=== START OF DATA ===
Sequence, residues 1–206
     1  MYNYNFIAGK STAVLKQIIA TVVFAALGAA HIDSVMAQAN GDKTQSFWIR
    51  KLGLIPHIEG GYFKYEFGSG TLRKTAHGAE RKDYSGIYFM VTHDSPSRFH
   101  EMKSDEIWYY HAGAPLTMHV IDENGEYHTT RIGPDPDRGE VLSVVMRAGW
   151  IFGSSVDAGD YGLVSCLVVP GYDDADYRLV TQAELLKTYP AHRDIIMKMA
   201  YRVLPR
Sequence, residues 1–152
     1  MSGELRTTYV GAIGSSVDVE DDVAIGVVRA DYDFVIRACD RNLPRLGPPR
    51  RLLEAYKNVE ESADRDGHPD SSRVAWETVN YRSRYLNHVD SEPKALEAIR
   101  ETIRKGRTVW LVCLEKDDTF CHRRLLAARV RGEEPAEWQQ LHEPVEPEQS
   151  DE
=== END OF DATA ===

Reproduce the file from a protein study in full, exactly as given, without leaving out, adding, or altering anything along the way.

Sequence, residues 1–206
     1  MYNYNFIAGK STAVLKQIIA TVVFAALGAA HIDSVMAQAN GDKTQSFWIR
    51  KLGLIPHIEG GYFKYEFGSG TLRKTAHGAE RKDYSGIYFM VTHDSPSRFH
   101  EMKSDEIWYY HAGAPLTMHV IDENGEYHTT RIGPDPDRGE VLSVVMRAGW
   151  IFGSSVDAGD YGLVSCLVVP GYDDADYRLV TQAELLKTYP AHRDIIMKMA
   201  YRVLPR
Sequence, residues 1–152
     1  MSGELRTTYV GAIGSSVDVE DDVAIGVVRA DYDFVIRACD RNLPRLGPPR
    51  RLLEAYKNVE ESADRDGHPD SSRVAWETVN YRSRYLNHVD SEPKALEAIR
   101  ETIRKGRTVW LVCLEKDDTF CHRRLLAARV RGEEPAEWQQ LHEPVEPEQS
   151  DE